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retweeting the ku klux klan. you know, this is not a main stream organization. ffrt president of the united states, our greatest ally of our country, to be retweeting, to be providing a microphone to those voices. i think everybody no matter what your political persuasion in the u.k. has been shocked by that. >> one of those tweets the president retweeted, allegedly showing the migrant, was a dutch citizen. facts matter. back with the panel. kerrstein, i don't know what you want to ask. >> yes, it's absolutely shocking, there's no question about that. but he's done things like this before. he's retweeted alt right people, and it doesn't seem to bother him. and i just go back to the fact that, i think this is what he believes. i think he believes -- sarah sanders defended him, saying this is a threat we face, i guess meaning radical islam. and i don't know a lot of people would disagree radical islam is
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not a problem. but that's what the videos showed. it just showed allegedly, you know know, in the visual allegedly muslims committing some sort of violence in the same way he has talked about mexicans, picking out a random mexican person who's done something bad and putting this on all mexicans and putting it on all muslims, so it's inherently racist. doing this is inherently racist. i think it's what he thinks. >> where did he put it on all muslims in that tweet? can you tell me where that is? >> what's the point of tweeting out three videos showing muslims committing a crime? what is that proving? >> radical islamist terrorists -- >> radical islamic terrorists -- hold on. it was a video of someone breaking a statue of virgin mary. are you telling me that's what we're afraid of? radical islamists smashing statues of the virgin mary? >> the bad things that radical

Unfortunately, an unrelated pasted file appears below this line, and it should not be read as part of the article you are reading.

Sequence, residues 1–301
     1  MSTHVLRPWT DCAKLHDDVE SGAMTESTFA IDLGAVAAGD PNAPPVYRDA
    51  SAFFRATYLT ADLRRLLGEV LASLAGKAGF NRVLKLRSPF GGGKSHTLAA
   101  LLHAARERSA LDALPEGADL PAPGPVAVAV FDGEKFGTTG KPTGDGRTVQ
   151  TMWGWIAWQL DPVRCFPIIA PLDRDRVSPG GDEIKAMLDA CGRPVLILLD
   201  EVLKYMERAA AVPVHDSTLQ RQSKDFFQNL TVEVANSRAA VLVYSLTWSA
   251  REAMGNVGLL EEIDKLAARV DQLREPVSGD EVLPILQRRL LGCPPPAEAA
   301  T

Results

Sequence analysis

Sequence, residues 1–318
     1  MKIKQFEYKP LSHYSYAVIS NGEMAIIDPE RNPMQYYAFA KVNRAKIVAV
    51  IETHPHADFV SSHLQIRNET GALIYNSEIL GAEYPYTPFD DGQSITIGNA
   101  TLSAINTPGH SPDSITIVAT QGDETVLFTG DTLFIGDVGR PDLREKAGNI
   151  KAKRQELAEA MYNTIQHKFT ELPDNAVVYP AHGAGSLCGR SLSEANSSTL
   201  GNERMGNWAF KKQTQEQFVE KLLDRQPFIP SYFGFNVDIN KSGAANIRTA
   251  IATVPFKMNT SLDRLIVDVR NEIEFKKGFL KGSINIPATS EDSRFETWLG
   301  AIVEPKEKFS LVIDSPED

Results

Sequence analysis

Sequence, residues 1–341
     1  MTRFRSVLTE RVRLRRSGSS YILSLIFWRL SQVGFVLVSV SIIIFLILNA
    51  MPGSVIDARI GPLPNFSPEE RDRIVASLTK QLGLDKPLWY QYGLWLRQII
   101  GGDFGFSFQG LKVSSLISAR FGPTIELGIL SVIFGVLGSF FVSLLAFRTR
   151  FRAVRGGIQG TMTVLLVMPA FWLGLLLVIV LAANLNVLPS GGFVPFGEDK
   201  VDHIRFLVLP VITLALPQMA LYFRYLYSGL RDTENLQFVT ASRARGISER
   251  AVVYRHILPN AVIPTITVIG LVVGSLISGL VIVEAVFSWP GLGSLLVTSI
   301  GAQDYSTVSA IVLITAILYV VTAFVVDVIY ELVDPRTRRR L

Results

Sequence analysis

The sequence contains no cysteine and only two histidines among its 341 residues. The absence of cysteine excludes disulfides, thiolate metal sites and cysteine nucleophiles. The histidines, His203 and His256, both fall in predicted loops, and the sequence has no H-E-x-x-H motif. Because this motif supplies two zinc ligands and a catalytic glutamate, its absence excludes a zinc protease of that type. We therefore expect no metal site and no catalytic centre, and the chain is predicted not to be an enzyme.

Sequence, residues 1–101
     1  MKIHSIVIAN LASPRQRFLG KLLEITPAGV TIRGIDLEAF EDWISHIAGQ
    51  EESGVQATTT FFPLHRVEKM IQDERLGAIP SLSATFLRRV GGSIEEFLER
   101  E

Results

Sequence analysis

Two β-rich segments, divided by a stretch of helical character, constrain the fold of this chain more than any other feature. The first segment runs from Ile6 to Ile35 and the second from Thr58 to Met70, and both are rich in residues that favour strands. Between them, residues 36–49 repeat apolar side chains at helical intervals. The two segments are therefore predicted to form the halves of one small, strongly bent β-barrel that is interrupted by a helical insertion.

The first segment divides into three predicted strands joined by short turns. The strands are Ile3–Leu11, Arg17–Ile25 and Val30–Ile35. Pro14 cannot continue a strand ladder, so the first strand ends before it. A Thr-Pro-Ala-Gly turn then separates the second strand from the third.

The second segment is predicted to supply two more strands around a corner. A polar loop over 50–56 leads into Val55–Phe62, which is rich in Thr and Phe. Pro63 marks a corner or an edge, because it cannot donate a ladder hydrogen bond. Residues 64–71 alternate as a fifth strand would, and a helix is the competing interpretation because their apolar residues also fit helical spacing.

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islamic terrorism represents. they are fake videos, but for you to say he's characterizing all muslims that way is flatout wrong. >> the whole idea of the videos is to stoke fear and dislike of muslims. >> again, bad choice by the original nay or the of the video, probably, not this president. >> you think if the originator of the video made a bad choice and a bad choice, by the way, for a racist bigoted bully and an internet troll, which is what those people are, isn't it like a doubly bad choice or a triply bad choice for the freaking president of the united states? to pick up what some internet troll did? >> it's a bad choice to use that internet troll video no question, but for someone to turn around and say he's now characterizing all muslims that way, that's just flatout wrong. >> where is he praising muslims
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or talking about muslims getting attacked? >> what's the point of posting videos of muslims committing acts of violence? that's not what radical muslims do. >> when a right wing white guy allegedly ran down heather meyer, he did not call for an investigation of -- >> he said one they were very nice people. >> one of the things also in the interview you did with mr. cox he said was really compelling and right on was by the president retweeting these videos, it gave validation to anyone who wanted to push messages of hate against muslims. and if the president can do it, then anyone else will do. and this group is an anti-muslim, anti-immigrant hate group over in britain and he basically gave them validation. and for her to come out and david duke to come out and thank the president, i think that sends a really bad message. >> no question these people are
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horrible people. >> when david dukes is singing your praises for that particular thing you've done, i would think you might want to reexamine what you're doing if david duke -- >> i think the president would agree that david duke is a horrible person. >> i don't know that, because he's been asked directly about that and claimed to not know who david duke was and claimed to not know what white supremacy was in an interview with david clapper. >> i think what amanda said about how if you've been trying to incite division, then it is the thing that you do. this is the thing donald trump has done for decades. we have to remember the central park five incident. before there were tweets he spent tens of thousands of dollars on advertisements to spread division. >> the mayor of new york was saying, everybody calm down. let's not krus fie these kids before the justice system works.